1. Install ffmpeg (See How to install ffmpeg on Debian / Raspbian). Using ffmpeg, we can capture the webcam video & audio and encode it into MPEG1/MP2.

  2. Install Node.js and npm (See Installing Node.js on Debian and Ubuntu based Linux distributions for newer versions). The Websocket relay is written in Node.js

  3. Install http-server. We will use this to serve the static files (view-stream.html, jsmpeg.min.js), so that we can view the website with the video in our browser. Any other webserver would work as well (nginx, apache, etc.): sudo npm -g install http-server

  4. Install git and clone this repository (or just download it as ZIP and unpack)

sudo apt-get install git
git clone
  1. Change into the jsmpeg/ directory cd jsmpeg/

  2. Install the Node.js Websocket Library: npm install ws

  3. Start the Websocket relay. Provide a password and a port for the incomming HTTP video stream and a Websocket port that we can connect to in the browser: node websocket-relay.js supersecret 8081 8082

  4. In a new terminal window (still in the jsmpeg/ directory, start the http-server so we can serve the view-stream.html to the browser: http-server

  5. Open the streaming website in your browser. The http-server will tell you the ip (usually 192.168.[...]) and port (usually 8080) where it’s running on: http://192.168.[...]:8080/view-stream.html

  6. In a third terminal window, start ffmpeg to capture the webcam video and send it to the Websocket relay. Provide the password and port (from step 7) in the destination URL:

ffmpeg \
	-f v4l2 \
		-framerate 25 -video_size 640x480 -i /dev/video0 \
	-f mpegts \
		-codec:v mpeg1video -s 640x480 -b:v 1000k -bf 0 \

You should now see a live webcam image in your browser.

If ffmpeg failed to open the input video, it’s likely that your webcam does not support the given resolution, format or framerate. To get a list of compatible modes run:

ffmpeg -f v4l2 -list_formats all -i /dev/video0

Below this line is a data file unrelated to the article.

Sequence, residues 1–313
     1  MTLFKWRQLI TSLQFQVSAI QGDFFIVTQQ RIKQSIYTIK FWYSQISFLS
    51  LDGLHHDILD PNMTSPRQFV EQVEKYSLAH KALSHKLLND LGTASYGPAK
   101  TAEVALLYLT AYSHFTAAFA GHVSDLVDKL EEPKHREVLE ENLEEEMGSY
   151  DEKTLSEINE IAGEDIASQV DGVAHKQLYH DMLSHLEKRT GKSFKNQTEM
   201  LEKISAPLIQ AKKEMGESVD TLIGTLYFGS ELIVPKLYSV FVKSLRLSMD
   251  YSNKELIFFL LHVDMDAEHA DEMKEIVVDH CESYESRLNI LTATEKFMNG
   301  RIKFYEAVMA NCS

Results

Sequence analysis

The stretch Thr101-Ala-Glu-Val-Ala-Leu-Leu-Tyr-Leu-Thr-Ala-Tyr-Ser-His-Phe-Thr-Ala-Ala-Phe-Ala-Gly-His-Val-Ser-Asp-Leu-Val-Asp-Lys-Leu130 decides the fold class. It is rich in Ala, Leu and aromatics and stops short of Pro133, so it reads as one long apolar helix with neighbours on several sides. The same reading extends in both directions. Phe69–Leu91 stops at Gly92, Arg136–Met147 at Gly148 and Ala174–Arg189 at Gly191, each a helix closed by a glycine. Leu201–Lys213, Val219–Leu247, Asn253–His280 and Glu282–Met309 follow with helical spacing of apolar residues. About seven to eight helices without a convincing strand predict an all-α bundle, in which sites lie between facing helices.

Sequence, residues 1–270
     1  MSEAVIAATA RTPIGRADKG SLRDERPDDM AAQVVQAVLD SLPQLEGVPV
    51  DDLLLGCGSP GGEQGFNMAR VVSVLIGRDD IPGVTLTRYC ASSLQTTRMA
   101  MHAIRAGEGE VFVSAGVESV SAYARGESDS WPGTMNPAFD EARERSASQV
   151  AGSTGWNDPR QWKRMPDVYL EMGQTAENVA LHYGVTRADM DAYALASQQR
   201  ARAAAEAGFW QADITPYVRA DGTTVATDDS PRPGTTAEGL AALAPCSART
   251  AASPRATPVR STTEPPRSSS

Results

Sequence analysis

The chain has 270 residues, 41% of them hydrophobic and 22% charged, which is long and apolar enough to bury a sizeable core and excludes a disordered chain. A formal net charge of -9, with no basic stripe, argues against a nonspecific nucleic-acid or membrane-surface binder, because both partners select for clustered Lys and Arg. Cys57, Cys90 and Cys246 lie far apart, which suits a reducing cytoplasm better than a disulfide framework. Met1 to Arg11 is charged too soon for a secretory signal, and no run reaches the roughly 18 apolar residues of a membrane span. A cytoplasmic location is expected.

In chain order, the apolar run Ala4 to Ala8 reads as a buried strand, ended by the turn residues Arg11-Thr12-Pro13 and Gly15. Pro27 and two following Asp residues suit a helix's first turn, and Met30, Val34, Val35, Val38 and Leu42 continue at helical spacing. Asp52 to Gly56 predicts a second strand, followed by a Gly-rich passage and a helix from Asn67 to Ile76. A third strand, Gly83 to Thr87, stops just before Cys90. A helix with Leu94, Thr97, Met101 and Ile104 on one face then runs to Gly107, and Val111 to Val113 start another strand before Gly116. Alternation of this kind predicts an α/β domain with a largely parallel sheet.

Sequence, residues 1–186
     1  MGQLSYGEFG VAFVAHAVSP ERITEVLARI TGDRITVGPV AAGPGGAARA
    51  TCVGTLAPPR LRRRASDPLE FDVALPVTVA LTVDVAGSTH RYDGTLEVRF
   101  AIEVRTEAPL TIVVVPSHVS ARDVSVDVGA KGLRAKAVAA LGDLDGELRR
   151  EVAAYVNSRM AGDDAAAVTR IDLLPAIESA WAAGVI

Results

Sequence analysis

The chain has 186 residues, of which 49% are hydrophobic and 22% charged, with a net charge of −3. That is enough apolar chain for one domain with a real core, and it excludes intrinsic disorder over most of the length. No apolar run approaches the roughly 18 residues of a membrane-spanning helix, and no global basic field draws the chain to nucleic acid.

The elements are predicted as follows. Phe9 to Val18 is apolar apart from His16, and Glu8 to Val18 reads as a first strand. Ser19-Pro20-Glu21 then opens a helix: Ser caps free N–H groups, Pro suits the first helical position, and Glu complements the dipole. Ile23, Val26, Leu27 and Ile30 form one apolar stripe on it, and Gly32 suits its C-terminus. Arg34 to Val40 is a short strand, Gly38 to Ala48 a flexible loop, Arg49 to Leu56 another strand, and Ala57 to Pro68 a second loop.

To add the webcam audio, just call ffmpeg with two separate inputs.

ffmpeg \
	-f v4l2 \
		-framerate 25 -video_size 640x480 -i /dev/video0 \
	-f alsa \
		-ar 44100 -c 2 -i hw:0 \
	-f mpegts \
		-codec:v mpeg1video -s 640x480 -b:v 1000k -bf 0 \
		-codec:a mp2 -b:a 128k \
		-muxdelay 0.001 \

Note the muxdelay argument. This should reduce lag, but doesn’t always work when streaming video and audio - see remarks below.

Some remarks about ffmpeg muxing and latency

Adding an audio stream to the MPEG-TS can sometimes introduce considerable latency. I especially found this to be a problem on linux using ALSA and V4L2 (using AVFoundation on macOS worked just fine). However, there is a simple workaround: just run two instances of ffmpeg in parallel. One for audio, one for video. Send both outputs to the same Websocket relay. Thanks to the simplicity of the MPEG-TS format, proper “muxing” of the two streams happens automatically in the relay.

ffmpeg \
	-f v4l2 \
		-framerate 25 -video_size 640x480 -i /dev/video0 \
	-f mpegts \
		-codec:v mpeg1video -s 640x480 -b:v 1000k -bf 0 \
		-muxdelay 0.001 \

# In a second terminal
ffmpeg \
	-f alsa \
		-ar 44100 -c 2 -i hw:0 \
	-f mpegts \
		-codec:a mp2 -b:a 128k \
		-muxdelay 0.001 \

In my tests, USB Webcams introduce about ~180ms of latency and there seems to be nothing we can do about it. The Raspberry Pi however has a camera module that provides lower latency video capture.

To capture webcam input on Windows or macOS using ffmpeg, see the ffmpeg Capture/Webcam Wiki.

JSMpeg Architecture and Internals

This library was built in a fairly modular fashion while keeping overhead at a minimum. Implementing new Demuxers, Decoders, Outputs (Renderers, Audio Devices) or Sources should be possible without changing any other parts. However, you would still need to subclass the JSMpeg.Player in order to use any new modules.

Have a look a the jsmpeg.js source for an overview of how the modules interconnect and what APIs they should provide. I also wrote a blog post about some of JSMpeg’s internals: Decode It Like It’s 1999.

Using parts of the library without creating a full player should also be fairly straightforward. E.g. you can create a stand-alone instance of the JSMpeg.Decoder.MPEG1Video class, .connect() a renderer, .write() some data to it and .decode() a frame, without touching JSMpeg’s other parts.

Previous Version

The JSMpeg version currently living in this repo is a complete rewrite of the original jsmpeg library that was just able to decode raw mpeg1video. If you’re looking for the old version, see the v0.2 tag.